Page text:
- Form I-192, Application for Advance Permission to Enter as a Non-Immigrant and Inadmissible Canadian Information
- 12/07/2009
- Immigration
Procedures, forms, and basic requirements immigrants need to enter the United States.
- Issuance of a Visa and Authorization for Temporary Admission into the United States for Certain Non-Immigrant Aliens Infected with HIV Final Rule
- 10/06/2008
arrow I-94 and I-94W
- 06/15/2009
- I-192, Application for Advance Permission to Enter as Nonimmigrantfeatured see also (offsite link)
04/08/2008
arrow Lawful Permanent Residents (LPR)
arrow NSEERS
arrow Temporary Residents for Work or Study
- Transiting the U.S. - TWOV and ITI Programs
- 10/02/2007
arrow Visa Waiver Programfeatured see also
arrow Visiting for Business or Pleasure

Global Entry Program

Global Entry is a pilot program managed by U.S. Customs and Border Protection which allows pre-approved, low-risk travelers expedited clearance upon arrival into the United States. Although this program is intended for “frequent travelers” who make several international trips per year, there is no minimum number of trips an applicant must make in order to qualify. Participants may enter the United States by utilizing automated kiosks located, at the following airports:

  • Boston-Logan International Airport (BOS)
  • Chicago O’Hare International Airport (ORD)
  • Dallas/Ft. Worth International Airport (DFW)
  • Detroit Metropolitan Airport (DTW)
  • Ft. Lauderdale Hollywood International Airport (FLL)
  • George Bush Intercontinental Airport, Houston (IAH)
  • Hartsfield-Jackson Atlanta International Airport (ATL)
  • Honolulu International Airport (HNL)
  • John F. Kennedy International Airport (JFK)
  • McCarran International Airport, Las Vegas (LAS)
  • Los Angeles International Airport (LAX)
  • Miami International Airport (MIA)
  • Newark Liberty International Airport (EWR)
  • Orlando International Airport (MCO)
  • Philadelphia International Airport (PHL)
  • San Francisco International Airport (SFO)
  • San Juan-Luis Múñoz Marin International Airport (SJU)
  • Orlando-Sanford International Airport (SFB)
  • Seattle-Tacoma International Airport-SeaTac (SEA)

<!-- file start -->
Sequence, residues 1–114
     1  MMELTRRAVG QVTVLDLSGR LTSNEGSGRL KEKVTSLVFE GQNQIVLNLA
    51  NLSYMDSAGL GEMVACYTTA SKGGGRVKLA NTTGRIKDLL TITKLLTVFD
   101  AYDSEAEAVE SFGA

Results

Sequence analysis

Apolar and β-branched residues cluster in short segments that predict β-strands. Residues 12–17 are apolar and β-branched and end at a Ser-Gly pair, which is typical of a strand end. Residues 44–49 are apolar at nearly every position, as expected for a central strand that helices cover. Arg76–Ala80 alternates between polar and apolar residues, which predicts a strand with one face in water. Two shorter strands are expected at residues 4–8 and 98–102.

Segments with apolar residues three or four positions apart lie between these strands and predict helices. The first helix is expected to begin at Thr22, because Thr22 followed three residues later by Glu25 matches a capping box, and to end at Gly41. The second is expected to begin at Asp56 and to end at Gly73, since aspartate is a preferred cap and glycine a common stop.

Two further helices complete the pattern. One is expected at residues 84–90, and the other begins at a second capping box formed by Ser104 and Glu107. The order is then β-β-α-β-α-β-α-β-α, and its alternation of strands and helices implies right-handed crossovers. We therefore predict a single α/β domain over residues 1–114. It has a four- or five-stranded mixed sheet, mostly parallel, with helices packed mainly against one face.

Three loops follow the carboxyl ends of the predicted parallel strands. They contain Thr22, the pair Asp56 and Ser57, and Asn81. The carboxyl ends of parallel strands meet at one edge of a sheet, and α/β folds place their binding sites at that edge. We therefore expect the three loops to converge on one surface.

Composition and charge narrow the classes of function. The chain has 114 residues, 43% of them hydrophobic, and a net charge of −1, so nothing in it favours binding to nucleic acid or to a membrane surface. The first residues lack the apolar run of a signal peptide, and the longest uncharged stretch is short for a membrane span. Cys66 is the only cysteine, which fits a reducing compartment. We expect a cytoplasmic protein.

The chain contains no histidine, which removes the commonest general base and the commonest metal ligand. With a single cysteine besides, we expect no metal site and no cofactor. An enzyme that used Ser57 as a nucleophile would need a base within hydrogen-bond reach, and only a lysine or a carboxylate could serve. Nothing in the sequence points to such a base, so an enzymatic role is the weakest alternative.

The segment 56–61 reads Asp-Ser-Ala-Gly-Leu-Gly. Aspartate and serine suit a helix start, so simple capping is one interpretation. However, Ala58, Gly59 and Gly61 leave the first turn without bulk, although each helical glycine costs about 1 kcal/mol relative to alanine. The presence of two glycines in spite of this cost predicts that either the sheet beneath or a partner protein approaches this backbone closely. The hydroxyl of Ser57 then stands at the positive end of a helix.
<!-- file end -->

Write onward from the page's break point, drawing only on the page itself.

• Washington-Dulles International Airport (IAD)

The process requires participants to present their machine-readable U.S. passport or permanent resident card, submit their fingerprints for biometric verification, and make a customs declaration at the kiosk’s touch-screen. Upon successful completion of the Global Entry process at the kiosk, the traveler is issued a transaction receipt and directed to baggage claim and the exit, unless chosen for a selective or random secondary referral.

Travelers must be pre-approved before they can participate in the pilot program. All applicants will undergo a rigorous background check and be interviewed by a CBP officer before they are enrolled. Automated enforcement checks will occur each time the member uses the kiosk to enter the United States. Although pre-approved for the program and determined to be low risk, members of Global Entry may be examined at any time when entering the United States.

Members entering the United States must complete the declaration questions prompted by the kiosk. If bringing items that must be declared, after completion of the kiosk transaction, the member will be directed to see a CBP officer.

Global Entry has a zero tolerance policy for violations. If a Global Entry member violates any of the terms and conditions, CBP officers will take appropriate enforcement action and will cancel the person’s membership privileges. The application fee is non-refundable.

What Are the Benefits of Global Entry?
The benefits are:

  • Bypass the traditional passport control line.
  • No more filling out a paper customs declaration form.
  • Expedited exit process.
  • Mutual benefits with other countries.
  • Conveniently located at airports throughout the country.
  • Cross the border with a minimum of customs and immigration questioning.
  • Although this program is intended for frequent travelers, there is no minimum number of trips that must be completed.

Global Entry allows applicants to complete a single application and pay one fee. This form can be submitted online via the Global Online Enrollment System (GOES. Qualified applicants are required to come to a Global Entry Enrollment Center, for an interview). Global Entry allows United States border agencies to concentrate their efforts on potentially higher-risk travelers and goods, which helps to ensure the security and integrity of our borders.

Who May Apply for Global Entry?

  • Individuals who are 14 years of age and older who are U.S. citizens, U.S. nationals, U.S. Lawful Permanent Residents, or citizens of certain other countries.

*Note: If enrolled parents are traveling with children under 14 and clearing as a family, they may not use the kiosk and must clear using the regular passport control process.

However, individuals may not qualify if they: